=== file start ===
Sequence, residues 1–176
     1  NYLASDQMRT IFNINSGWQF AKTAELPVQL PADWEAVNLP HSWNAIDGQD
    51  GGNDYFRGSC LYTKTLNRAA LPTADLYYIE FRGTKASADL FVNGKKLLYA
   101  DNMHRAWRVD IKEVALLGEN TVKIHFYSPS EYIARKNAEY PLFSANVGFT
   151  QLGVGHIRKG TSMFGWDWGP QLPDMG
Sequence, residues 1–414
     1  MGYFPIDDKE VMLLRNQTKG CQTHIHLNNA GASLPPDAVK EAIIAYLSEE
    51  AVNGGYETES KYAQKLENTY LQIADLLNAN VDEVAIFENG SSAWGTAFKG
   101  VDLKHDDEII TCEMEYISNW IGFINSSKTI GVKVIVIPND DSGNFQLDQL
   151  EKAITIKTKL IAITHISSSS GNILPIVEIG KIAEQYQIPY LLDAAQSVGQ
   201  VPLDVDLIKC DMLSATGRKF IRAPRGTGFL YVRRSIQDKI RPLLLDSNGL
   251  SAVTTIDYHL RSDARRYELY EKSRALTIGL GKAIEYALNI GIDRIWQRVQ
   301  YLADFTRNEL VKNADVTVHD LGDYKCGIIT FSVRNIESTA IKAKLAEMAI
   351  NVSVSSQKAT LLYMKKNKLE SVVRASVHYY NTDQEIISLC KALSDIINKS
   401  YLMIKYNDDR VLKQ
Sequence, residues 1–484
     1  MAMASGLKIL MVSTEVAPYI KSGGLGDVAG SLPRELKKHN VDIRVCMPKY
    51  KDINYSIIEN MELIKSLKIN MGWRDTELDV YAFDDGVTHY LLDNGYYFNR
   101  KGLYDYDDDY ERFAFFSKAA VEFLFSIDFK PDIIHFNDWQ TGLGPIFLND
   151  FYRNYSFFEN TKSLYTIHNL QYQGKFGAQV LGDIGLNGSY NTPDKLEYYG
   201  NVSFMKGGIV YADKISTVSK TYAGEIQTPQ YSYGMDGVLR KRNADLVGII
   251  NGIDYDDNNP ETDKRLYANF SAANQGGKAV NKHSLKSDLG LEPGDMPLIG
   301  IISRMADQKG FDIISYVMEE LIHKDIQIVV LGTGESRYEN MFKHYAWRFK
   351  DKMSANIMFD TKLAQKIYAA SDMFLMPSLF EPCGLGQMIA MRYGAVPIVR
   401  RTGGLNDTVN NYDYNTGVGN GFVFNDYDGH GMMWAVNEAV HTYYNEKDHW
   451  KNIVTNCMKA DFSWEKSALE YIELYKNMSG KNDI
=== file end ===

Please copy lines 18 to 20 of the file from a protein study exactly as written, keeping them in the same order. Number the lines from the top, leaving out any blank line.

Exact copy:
    51  KDINYSIIEN MELIKSLKIN MGWRDTELDV YAFDDGVTHY LLDNGYYFNR
   101  KGLYDYDDDY ERFAFFSKAA VEFLFSIDFK PDIIHFNDWQ TGLGPIFLND
   151  FYRNYSFFEN TKSLYTIHNL QYQGKFGAQV LGDIGLNGSY NTPDKLEYYG